Dennis Hopper’s fleeting success with Easy Rider in the late sixties famously came undone with his 1971 follow-up, The Last Movie. A critical and commercial failure, the rambling, chaotic nature on screen mirrored that of the behind-the-scenes production.
Into the fray came directors Lawrence Schiller and L.M. Kit Carson, who captured an unbalanced and tormented Hopper (or a heightened version of the real thing) during the editing period, where he decamped to Taos, New Mexico in virtual isolation and away from the Hollywood suits. In the process, both filmmakers managed to put a meta-spin on an actor’s life decades before that term was even recognised with their documentary The American Dreamer.
The film receives a worldwide launch on MUBI from 12th February and is in selected cinemas from tomorrow (read our review here), and we recently had the opportunity to chat over the phone with Schiller (now approaching 80 and still working in the industry) about the origins and development of his unique project.
HeyUGuys: How did you end up entering the wild and crazy world of Dennis Hopper?
Lawrence Schiller: At that time in my life I was a photojournalist. It was not difficult to find myself in other people’s lives because it was my job to become a fly-on-the-wall.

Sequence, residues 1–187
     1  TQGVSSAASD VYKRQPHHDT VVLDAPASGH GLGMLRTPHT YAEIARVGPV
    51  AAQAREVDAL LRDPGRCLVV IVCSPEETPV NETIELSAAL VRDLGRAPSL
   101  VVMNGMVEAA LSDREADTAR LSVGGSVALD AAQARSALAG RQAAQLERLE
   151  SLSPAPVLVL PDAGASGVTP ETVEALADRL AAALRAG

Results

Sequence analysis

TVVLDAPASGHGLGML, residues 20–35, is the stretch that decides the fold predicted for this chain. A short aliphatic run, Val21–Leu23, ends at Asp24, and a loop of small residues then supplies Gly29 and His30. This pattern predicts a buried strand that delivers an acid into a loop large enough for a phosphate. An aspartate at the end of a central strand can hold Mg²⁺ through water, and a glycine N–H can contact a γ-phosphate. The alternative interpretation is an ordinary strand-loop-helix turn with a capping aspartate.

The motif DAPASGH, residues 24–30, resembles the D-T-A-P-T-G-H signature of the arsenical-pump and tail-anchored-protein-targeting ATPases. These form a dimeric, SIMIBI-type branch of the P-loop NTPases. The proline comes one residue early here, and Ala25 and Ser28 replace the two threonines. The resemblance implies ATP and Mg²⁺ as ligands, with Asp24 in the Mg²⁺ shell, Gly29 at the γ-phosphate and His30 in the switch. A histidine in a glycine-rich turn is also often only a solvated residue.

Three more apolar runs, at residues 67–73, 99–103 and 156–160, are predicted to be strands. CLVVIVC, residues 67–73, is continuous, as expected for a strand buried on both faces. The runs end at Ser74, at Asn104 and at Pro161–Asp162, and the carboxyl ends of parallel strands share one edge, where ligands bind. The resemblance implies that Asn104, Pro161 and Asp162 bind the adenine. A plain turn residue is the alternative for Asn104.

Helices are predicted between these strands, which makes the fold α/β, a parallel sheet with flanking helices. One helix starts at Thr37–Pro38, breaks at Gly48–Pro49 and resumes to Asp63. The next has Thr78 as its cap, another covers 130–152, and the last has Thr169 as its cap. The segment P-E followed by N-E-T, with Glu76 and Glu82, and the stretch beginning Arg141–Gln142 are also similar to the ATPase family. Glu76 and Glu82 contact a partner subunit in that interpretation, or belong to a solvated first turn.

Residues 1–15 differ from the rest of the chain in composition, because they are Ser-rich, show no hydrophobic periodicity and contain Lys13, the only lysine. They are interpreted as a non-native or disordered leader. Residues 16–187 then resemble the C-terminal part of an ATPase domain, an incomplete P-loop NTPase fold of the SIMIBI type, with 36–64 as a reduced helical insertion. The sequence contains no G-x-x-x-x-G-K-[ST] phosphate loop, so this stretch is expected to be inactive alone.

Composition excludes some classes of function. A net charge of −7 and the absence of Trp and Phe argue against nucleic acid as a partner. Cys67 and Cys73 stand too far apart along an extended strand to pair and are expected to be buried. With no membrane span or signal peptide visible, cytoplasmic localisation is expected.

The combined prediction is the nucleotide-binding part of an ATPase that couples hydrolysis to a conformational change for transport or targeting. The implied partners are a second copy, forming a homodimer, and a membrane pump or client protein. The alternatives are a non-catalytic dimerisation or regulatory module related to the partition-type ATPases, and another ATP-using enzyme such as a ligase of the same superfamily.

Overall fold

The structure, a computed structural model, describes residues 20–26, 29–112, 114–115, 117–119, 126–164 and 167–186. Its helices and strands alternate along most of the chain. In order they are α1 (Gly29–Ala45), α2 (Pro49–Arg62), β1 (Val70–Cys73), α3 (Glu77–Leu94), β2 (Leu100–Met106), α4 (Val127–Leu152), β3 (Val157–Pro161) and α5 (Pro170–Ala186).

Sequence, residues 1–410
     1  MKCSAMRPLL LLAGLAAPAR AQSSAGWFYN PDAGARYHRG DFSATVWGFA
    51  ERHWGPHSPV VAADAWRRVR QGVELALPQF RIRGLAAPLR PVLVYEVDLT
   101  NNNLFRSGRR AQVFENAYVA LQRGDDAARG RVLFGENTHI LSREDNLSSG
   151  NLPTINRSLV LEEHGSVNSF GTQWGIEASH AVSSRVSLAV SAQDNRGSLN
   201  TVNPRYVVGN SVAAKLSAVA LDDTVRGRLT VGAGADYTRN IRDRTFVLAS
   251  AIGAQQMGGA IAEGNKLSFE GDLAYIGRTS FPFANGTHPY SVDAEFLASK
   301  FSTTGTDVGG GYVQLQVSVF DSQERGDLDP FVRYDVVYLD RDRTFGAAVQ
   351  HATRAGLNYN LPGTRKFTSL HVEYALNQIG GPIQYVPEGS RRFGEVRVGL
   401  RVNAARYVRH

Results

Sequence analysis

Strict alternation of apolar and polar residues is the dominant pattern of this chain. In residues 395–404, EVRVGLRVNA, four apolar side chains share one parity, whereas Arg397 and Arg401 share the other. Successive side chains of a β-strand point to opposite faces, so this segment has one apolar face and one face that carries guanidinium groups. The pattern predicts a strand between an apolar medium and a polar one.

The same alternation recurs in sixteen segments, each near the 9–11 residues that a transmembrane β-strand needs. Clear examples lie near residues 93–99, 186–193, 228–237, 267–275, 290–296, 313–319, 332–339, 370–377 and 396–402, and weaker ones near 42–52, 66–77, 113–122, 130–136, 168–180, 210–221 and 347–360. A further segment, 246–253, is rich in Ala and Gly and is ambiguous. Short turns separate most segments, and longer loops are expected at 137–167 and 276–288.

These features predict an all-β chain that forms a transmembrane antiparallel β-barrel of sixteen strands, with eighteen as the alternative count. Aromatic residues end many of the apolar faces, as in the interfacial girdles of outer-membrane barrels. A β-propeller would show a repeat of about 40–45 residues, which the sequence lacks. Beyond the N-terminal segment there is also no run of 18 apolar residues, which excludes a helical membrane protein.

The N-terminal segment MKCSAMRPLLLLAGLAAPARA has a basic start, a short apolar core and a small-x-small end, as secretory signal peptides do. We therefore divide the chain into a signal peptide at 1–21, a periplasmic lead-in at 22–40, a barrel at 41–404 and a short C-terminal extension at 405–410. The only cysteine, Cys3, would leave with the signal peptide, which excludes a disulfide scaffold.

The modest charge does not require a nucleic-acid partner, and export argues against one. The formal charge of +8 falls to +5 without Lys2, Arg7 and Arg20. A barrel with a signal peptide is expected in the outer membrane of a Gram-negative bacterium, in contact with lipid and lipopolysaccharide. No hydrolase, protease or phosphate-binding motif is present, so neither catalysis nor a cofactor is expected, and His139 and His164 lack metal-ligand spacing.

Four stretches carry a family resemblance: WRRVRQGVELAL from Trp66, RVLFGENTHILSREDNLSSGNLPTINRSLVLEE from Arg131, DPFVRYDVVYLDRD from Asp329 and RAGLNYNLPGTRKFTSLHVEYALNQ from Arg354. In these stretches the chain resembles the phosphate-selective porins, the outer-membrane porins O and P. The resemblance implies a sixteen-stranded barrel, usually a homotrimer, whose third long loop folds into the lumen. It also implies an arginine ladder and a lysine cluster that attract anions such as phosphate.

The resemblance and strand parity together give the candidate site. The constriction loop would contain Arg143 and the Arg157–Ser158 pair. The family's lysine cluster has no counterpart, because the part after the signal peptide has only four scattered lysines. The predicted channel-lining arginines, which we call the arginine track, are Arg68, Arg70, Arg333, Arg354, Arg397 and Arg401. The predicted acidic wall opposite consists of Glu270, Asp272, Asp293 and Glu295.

Was the concept for the film Hopper’s idea or did you pitch it to him?
It came from me. Originally, I wanted to make a film with Paul Newman whom I knew very well, having photographed him on the set of five of his movies. I wanted to make a film about an actor who submerges himself into the myth of a character he may, or may not have, played. Paul didn’t want to do that, unfortunately.
When Kit and I were making another film I discussed this idea and he suggested that we try and do it with Dennis, as he knew him. Both Kit and I went out to visit Dennis to talk about it and took part of the original conception and reworked it around the myth and character Dennis had played in Easy Rider.
The situation became stranger because Dennis was in his own reality. He could never be entirely authentic. He knew what our camera did and what moments we shot would look like on screen because not only was he an actor, but he was also a director. The film took on a different life of its own because it became a documentary where an actor is playing another actor.
It definitely has a weird Russian doll-like vibe. Were there any moments when it felt like you’d captured Hopper with his guard down and his ‘real’ persona was on display?
I think it’s hard to differentiate between the two worlds. You can’t know when he’s real and when he’s not. I think that’s what is most interesting about the film. Maybe the whole fill is real and Hopper is real because it’s Hopper playing Hopper. It’s a documentary on top of a documentary.
It looks like it was a frustrating experience at times for you and your co-director. Was that the case?